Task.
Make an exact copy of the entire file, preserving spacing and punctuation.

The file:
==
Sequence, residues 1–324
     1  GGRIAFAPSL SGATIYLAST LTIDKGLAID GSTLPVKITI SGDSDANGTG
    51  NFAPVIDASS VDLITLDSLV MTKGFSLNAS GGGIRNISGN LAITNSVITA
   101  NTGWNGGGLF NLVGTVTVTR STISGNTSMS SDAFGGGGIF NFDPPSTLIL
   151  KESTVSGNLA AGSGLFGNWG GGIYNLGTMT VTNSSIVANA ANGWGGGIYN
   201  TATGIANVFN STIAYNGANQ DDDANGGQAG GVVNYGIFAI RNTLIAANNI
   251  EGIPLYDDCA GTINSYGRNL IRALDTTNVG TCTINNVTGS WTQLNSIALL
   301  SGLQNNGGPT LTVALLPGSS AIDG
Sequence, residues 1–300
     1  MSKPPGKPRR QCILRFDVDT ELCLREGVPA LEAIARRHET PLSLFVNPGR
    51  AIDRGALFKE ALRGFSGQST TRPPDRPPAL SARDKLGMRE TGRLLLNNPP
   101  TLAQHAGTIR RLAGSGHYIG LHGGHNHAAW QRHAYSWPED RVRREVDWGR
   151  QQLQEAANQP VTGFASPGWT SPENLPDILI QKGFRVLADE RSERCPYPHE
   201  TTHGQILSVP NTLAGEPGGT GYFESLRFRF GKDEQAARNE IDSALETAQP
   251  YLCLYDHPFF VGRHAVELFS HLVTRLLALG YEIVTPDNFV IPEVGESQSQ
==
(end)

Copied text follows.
Sequence, residues 1–324
     1  GGRIAFAPSL SGATIYLAST LTIDKGLAID GSTLPVKITI SGDSDANGTG
    51  NFAPVIDASS VDLITLDSLV MTKGFSLNAS GGGIRNISGN LAITNSVITA
   101  NTGWNGGGLF NLVGTVTVTR STISGNTSMS SDAFGGGGIF NFDPPSTLIL
   151  KESTVSGNLA AGSGLFGNWG GGIYNLGTMT VTNSSIVANA ANGWGGGIYN
   201  TATGIANVFN STIAYNGANQ DDDANGGQAG GVVNYGIFAI RNTLIAANNI
   251  EGIPLYDDCA GTINSYGRNL IRALDTTNVG TCTINNVTGS WTQLNSIALL
   301  SGLQNNGGPT LTVALLPGSS AIDG
Sequence, residues 1–300
     1  MSKPPGKPRR QCILRFDVDT ELCLREGVPA LEAIARRHET PLSLFVNPGR
    51  AIDRGALFKE ALRGFSGQST TRPPDRPPAL SARDKLGMRE TGRLLLNNPP
   101  TLAQHAGTIR RLAGSGHYIG LHGGHNHAAW QRHAYSWPED RVRREVDWGR
   151  QQLQEAANQP VTGFASPGWT SPENLPDILI QKGFRVLADE RSERCPYPHE
   201  TTHGQILSVP NTLAGEPGGT GYFESLRFRF GKDEQAARNE IDSALETAQP
   251  YLCLYDHPFF VGRHAVELFS HLVTRLLALG YEIVTPDNFV IPEVGESQSQ